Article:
One option mentioned, Macrium Reflect Free and a free backup programme (I use SyncBack and have had few problems over the years) might be more suitable. Macrium will create an image approximately 60% of the size of actual data (but can be smaller) and also allows you to extract files from an image without restoring the whole image. Whs might be along to explain possible USB 3.0 problems but you can still image your C: drive to the D: drive and then copy this to the external drive but it will be slower. The D: drive data could be just backed-up to the external drive. You could partition the external drive and keep the system images separate from your data but this is not necessary. The 100 MB partition can be imaged separately from the C: drive or done with the C: drive. Personally I do them separately and have never needed to restore the 100 MB partition.

The advantage of having separate programmes for imaging and backup are that files can be retrieved from the system image where necessary and the backed-up files are just duplicates and therefore easily accessible requiring no special process. This I've found is what counts rather than perhaps an increase in space required when little or no compression is used.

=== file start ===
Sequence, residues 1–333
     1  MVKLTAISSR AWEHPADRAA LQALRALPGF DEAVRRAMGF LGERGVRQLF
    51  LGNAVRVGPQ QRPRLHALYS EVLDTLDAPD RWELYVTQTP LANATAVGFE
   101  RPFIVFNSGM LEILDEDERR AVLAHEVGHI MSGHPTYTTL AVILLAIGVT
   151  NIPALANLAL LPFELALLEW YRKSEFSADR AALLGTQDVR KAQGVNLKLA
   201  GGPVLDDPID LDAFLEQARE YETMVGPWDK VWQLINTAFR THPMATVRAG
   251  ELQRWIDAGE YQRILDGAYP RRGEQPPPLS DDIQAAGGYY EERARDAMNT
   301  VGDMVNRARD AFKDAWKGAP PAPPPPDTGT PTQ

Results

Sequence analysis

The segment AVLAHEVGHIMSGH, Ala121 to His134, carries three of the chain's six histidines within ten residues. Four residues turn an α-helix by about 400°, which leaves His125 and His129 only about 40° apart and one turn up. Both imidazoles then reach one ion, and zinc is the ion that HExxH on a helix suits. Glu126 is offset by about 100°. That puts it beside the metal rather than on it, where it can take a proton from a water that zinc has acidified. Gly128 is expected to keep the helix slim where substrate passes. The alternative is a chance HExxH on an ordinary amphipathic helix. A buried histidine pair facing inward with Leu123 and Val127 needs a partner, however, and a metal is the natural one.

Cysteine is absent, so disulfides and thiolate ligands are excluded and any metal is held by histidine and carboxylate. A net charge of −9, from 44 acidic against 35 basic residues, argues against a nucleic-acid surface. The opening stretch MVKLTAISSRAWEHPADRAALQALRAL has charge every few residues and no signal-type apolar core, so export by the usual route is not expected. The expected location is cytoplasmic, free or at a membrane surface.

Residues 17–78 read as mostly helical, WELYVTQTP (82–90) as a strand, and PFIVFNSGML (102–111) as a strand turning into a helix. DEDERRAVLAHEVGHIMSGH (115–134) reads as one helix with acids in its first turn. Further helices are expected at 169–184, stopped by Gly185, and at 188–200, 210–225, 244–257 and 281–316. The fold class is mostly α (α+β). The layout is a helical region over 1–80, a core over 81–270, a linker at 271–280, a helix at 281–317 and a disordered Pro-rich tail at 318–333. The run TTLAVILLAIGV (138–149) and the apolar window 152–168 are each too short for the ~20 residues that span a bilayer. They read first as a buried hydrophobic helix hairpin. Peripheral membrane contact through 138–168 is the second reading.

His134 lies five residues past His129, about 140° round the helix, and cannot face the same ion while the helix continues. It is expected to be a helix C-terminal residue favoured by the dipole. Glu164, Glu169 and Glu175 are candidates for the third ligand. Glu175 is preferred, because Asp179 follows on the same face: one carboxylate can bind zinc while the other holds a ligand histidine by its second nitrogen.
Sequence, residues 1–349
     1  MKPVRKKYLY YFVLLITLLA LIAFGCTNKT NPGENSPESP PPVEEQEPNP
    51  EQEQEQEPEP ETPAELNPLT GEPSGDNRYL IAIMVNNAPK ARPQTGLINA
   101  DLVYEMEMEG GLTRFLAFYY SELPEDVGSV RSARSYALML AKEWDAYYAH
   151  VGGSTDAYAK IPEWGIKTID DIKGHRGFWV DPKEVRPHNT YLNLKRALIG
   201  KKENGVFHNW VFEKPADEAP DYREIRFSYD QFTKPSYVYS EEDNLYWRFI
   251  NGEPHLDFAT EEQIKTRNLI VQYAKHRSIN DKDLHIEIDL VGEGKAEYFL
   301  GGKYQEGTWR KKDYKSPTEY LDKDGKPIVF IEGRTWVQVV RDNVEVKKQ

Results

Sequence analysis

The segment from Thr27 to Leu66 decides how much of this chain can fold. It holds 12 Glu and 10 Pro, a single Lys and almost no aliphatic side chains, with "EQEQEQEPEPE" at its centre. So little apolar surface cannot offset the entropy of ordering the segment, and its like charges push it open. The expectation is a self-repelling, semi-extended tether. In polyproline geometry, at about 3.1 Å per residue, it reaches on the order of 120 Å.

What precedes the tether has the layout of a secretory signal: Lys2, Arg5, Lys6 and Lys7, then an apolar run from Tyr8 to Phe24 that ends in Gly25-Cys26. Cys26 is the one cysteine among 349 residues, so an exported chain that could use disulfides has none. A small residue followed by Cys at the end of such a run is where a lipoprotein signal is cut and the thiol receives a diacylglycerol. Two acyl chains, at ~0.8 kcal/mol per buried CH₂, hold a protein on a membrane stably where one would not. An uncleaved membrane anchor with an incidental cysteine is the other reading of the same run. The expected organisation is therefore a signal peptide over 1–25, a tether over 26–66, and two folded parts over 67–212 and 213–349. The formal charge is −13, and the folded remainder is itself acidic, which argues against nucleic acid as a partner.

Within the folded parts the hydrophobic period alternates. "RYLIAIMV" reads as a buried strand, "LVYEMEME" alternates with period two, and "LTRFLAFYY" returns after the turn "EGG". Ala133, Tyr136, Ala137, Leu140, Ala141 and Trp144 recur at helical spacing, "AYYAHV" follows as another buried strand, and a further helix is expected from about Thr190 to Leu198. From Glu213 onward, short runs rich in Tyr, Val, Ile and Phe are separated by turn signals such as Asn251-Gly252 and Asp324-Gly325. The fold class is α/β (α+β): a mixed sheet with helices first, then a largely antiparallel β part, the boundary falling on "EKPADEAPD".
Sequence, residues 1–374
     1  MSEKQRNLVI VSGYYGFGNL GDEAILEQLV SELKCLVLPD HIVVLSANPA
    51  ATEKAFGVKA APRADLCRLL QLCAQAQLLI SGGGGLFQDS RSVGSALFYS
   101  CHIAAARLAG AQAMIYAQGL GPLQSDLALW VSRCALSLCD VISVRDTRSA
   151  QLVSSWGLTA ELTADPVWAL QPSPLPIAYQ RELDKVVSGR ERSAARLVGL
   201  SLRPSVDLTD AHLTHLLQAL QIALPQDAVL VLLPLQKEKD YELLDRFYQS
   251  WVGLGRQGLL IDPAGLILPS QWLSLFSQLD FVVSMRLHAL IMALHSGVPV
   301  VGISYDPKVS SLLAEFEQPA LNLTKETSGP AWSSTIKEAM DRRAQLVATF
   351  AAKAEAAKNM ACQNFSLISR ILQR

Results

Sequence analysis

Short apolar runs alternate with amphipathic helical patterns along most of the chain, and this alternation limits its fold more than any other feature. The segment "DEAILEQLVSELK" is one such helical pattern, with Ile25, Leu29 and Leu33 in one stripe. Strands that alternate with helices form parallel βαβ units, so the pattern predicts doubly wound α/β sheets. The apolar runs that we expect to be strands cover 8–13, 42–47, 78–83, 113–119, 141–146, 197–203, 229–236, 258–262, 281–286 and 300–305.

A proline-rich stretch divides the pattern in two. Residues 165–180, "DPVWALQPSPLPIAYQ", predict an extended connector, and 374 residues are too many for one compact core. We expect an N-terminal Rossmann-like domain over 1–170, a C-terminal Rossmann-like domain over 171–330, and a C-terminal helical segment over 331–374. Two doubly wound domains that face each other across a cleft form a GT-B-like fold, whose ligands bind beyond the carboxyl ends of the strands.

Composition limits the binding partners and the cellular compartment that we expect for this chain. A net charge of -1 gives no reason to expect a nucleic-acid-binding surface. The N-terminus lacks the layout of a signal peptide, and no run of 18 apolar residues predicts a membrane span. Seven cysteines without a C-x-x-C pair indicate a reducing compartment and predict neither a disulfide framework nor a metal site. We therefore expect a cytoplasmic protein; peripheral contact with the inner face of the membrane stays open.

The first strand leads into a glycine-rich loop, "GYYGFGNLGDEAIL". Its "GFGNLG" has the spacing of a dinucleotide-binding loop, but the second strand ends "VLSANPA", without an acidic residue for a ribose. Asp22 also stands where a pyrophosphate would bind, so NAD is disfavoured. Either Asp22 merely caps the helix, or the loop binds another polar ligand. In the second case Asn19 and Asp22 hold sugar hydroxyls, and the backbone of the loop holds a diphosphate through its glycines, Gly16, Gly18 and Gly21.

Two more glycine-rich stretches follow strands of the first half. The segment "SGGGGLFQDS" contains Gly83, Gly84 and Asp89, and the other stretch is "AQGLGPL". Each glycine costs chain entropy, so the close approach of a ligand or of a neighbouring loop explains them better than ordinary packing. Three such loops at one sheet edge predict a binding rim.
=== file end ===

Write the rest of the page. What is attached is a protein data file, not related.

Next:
Not sure how much your C: drive contains, mine is a 60 GB partition with about 20 GB of data and this images to about 12 GB. I can keep usually more than 6 images. The restore of Macrium images is quite easy using the Linux boot disk. Imaging takes about 8 minutes on my system, restoring about 20 minutes and I image to a second internal disk and then copy to a partition on the first disk. To keep the C: drive small I restrict what data is written to it and deleting all temp stuff and thus this partition only ever grows significantly when I install new software. I tend to take an image every week unless nothing has changed much, change being the criterium basically, like major Windows updates or new software installs.

Hope this helps.
My System SpecsSystem Spec
09 May 2011   #6
mjf

Windows 7x64 Home Premium SP1
 
 

Quote   Quote: Originally Posted by scrotiny View Post
The advantage of having separate programmes for imaging and backup are that files can be retrieved from the system image where necessary and the backed-up files are just duplicates and therefore easily accessible requiring no special process. This I've found is what counts rather than perhaps an increase in space required when little or no compression is used.